General Atlantic already has 11% of Locaweb’s capital (LWSA3)
Private equity manager bought almost 6% of the company’s capital at auction on the stock exchange yesterday
General Atlantic built a position of almost 11% in Locaweb. The company’s share (LWSA3), as one of the main Brazilian representatives of the tech wave, has suffered a lot on the stock market in recent months. The information is contained in the Locaweb reference form, recently updated by the Securities and Exchange Commission (CVM) due to the auction held yesterday.
More than 5% of the company’s capital changed hands yesterday on the stock exchange, but the seller remains mysterious. The initial auction had 27 million shares, or 4.9% of the capital (below the mandatory limit for disclosure of information), but it grew with market interference and reached almost 35 million shares – almost 6% of the company. The price was BRL 7. The founders, who together hold about 27% of Locaweb, did not sell their positions, nor did the two largest known investors BlackRock (9.66%) and William Blair Investment (5.20%). .
After being worth more than R$ 20 billion on B3 (R$ 35 per share), at its peak reached in February last year, the company is currently valued at R$ 4 billion. The number equates to less than 4 times the projected net revenue for the year and is 2.5 times cash. The company has no debt and at the end of March it had R$ 1.5 billion invested in the bank. In practice, it is as if the business itself, with its future cash flow, was valued at R$ 2.5 billion.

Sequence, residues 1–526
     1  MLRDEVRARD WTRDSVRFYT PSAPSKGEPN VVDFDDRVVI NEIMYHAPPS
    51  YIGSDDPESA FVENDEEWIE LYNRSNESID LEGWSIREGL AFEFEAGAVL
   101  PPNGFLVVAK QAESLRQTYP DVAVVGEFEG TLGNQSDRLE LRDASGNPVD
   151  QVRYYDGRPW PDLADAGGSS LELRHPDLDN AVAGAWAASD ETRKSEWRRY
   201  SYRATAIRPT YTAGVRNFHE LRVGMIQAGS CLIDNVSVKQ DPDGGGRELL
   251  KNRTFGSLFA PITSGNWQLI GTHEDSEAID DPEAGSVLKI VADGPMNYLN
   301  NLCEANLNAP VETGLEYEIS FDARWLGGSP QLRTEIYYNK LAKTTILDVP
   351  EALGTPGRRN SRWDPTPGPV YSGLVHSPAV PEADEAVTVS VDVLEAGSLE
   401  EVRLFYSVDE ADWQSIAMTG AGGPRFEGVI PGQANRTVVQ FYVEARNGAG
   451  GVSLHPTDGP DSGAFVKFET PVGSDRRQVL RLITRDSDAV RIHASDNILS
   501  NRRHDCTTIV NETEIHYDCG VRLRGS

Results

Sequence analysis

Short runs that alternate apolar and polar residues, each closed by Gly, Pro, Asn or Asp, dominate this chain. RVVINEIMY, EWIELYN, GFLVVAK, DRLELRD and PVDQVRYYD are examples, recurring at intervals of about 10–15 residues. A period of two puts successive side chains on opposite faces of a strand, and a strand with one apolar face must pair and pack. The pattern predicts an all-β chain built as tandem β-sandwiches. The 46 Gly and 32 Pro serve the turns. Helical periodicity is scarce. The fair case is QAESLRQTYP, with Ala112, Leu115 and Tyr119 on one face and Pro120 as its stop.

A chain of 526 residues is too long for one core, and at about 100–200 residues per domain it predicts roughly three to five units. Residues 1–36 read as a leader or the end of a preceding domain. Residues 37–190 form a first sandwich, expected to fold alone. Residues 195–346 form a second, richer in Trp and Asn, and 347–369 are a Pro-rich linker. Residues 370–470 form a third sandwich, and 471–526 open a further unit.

In the year, until the end of March, the company rehearsed a recovery and the share was traded at R$ 10.50. However, it did not resist the tech flight that hit the market, with investors’ aversion to the theses of high growth and high demand for capital in the technology sector, and it fell sharply again in the most recent trading sessions.
In the tech breakout, there is not a problem with the industry from a business strategy point of view. The issue for investors is that, in general, the return perspective of these companies is in a more distant future. The increase in interest rates, in this environment in which there is no clarity on how Central Banks will behave around the world in the face of the drama of inflation, has made money flow to businesses with present value, fixed assets and dividend payers.